Executable Formal Specification of Programming Languages with Reusable Components

L. Thomas van Binsbergen

Research output: ThesisDoctoral Thesis

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Writing a formal definition of a programming language is cumbersome and maintaining the definition as the language evolves is tedious and error-prone.
But programming languages have commonalities that can be captured once and for all and used in the formal definition of multiple languages, potentially easing the task of developing and maintaining definitions.
Languages often share features, even across paradigms, such as scoping rules, function calls, and control operators.
Moreover, some concrete syntaxes share patterns such as repetition with a separator, delimiters around blocks, and prefix and infix operators.

The PLanCompS project has established a formal and component-based approach to semantics intended to reduce development and maintenance costs by employing the software engineering practices of reuse and testing.
This thesis contributes further, taking advantage of the advanced features of the Haskell programming language to define *executable* and *reusable* components for specifying both syntax and semantics.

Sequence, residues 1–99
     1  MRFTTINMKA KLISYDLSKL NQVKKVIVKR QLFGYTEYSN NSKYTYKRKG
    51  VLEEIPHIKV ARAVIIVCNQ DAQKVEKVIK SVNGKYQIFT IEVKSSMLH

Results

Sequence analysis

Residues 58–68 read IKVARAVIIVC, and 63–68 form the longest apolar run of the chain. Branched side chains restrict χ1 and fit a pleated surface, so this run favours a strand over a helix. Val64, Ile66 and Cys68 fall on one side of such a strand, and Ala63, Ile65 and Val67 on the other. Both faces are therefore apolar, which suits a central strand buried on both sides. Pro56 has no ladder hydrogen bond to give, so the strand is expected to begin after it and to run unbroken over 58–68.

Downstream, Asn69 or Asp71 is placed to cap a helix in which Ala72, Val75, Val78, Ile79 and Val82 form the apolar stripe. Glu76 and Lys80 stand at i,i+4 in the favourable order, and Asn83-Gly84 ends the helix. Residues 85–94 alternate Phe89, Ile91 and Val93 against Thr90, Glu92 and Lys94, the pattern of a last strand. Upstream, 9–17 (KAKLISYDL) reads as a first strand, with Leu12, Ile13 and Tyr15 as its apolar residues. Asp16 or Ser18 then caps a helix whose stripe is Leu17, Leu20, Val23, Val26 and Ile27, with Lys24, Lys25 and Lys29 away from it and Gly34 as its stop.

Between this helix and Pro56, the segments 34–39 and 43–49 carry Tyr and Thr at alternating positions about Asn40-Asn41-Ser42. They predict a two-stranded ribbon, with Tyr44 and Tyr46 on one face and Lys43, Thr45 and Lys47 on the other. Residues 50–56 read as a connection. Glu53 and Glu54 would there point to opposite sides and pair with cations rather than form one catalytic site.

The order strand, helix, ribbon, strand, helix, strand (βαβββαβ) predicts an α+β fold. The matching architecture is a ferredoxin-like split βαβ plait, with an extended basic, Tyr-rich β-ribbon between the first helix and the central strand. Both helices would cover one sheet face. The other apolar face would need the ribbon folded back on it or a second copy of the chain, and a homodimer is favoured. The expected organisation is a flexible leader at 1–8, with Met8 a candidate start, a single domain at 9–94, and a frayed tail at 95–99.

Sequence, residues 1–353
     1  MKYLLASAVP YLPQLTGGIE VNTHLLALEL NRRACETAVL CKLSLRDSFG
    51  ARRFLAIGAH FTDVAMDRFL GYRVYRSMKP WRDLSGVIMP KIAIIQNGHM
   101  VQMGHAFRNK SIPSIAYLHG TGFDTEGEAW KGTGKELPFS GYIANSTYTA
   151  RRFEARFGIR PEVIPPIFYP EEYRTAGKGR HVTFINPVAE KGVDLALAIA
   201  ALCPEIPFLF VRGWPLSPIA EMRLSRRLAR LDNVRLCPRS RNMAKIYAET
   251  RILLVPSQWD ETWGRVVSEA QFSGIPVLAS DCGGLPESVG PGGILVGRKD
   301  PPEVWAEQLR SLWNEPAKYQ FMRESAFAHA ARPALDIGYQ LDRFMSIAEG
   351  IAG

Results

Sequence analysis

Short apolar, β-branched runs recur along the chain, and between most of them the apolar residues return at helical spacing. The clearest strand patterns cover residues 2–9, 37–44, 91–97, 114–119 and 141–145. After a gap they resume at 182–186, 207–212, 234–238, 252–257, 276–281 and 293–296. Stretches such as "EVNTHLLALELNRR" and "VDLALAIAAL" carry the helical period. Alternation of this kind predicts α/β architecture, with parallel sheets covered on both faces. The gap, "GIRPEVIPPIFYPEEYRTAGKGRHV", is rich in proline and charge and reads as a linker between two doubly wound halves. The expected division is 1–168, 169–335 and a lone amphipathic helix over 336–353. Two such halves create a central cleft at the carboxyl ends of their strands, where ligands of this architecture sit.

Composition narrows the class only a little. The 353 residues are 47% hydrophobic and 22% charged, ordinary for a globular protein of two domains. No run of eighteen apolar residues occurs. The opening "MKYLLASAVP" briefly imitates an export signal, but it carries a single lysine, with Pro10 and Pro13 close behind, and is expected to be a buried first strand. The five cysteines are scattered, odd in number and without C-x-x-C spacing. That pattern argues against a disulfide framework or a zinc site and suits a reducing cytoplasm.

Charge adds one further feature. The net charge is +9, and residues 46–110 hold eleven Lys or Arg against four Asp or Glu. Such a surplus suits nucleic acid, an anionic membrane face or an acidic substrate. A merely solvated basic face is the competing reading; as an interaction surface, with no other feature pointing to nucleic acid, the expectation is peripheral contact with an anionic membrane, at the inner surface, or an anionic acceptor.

The main theoretical contributions of this thesis are:
* a data structure for representing the possibly many derivations found by a generalised parser which significantly simplifies the specification of generalised parsing algorithms,
* a purely functional description of GLL parsing based on this data structure,
* a novel approach to combinator parsing that incorporates generalised parsing algorithms such as GLL in their implementation,
* and a novel and lightweight framework for developing modular rule-based semantic specifications (MRBS).

The main practical contributions of this thesis are:
* a combinator library for component-based descriptions of context-free grammars from which GLL parsers are generated,
* a compiler and interpreter for executing operational semantic specifications written in CBS (the meta-language developed by the PLanCompS project),
* an interpreter for an intermediate meta-language (IML) based on MRBS,
* and a translation from CBS specifications into IML that gives an operational semantics to CBS.

The practicality of the presented tools is evaluated through case studies.
Original languageEnglish
Awarding Institution
  • Royal Holloway, University of London
  • Johnstone, Adrian, Supervisor
  • Scott, Elizabeth, Supervisor
Award date1 Apr 2019
Publication statusUnpublished - 2019


  • syntax analysis
  • top-down parsing
  • generalised parsing
  • parser combinators
  • operational semantics
  • structural operational semantics
  • MSOS
  • reusable semantics
  • reusable components
  • component-based semantics
  • caml light

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